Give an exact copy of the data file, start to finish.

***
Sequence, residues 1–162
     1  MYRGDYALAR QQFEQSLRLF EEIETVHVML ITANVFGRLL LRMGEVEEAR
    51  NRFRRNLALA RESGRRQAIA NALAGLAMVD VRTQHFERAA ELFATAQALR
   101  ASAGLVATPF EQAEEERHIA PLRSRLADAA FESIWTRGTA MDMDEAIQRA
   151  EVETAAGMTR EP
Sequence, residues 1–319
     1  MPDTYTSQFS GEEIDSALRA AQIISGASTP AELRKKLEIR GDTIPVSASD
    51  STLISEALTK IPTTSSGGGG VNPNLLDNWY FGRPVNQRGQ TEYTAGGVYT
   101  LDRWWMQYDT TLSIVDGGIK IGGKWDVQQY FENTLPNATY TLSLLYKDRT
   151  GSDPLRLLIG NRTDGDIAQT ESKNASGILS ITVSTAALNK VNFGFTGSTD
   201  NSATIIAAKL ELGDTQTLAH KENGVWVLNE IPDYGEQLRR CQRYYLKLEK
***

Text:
Sequence, residues 1–162
     1  MYRGDYALAR QQFEQSLRLF EEIETVHVML ITANVFGRLL LRMGEVEEAR
    51  NRFRRNLALA RESGRRQAIA NALAGLAMVD VRTQHFERAA ELFATAQALR
   101  ASAGLVATPF EQAEEERHIA PLRSRLADAA FESIWTRGTA MDMDEAIQRA
   151  EVETAAGMTR EP
Sequence, residues 1–319
     1  MPDTYTSQFS GEEIDSALRA AQIISGASTP AELRKKLEIR GDTIPVSASD
    51  STLISEALTK IPTTSSGGGG VNPNLLDNWY FGRPVNQRGQ TEYTAGGVYT
   101  LDRWWMQYDT TLSIVDGGIK IGGKWDVQQY FENTLPNATY TLSLLYKDRT
   151  GSDPLRLLIG NRTDGDIAQT ESKNASGILS ITVSTAALNK VNFGFTGSTD
   201  NSATIIAAKL ELGDTQTLAH KENGVWVLNE IPDYGEQLRR CQRYYLKLEK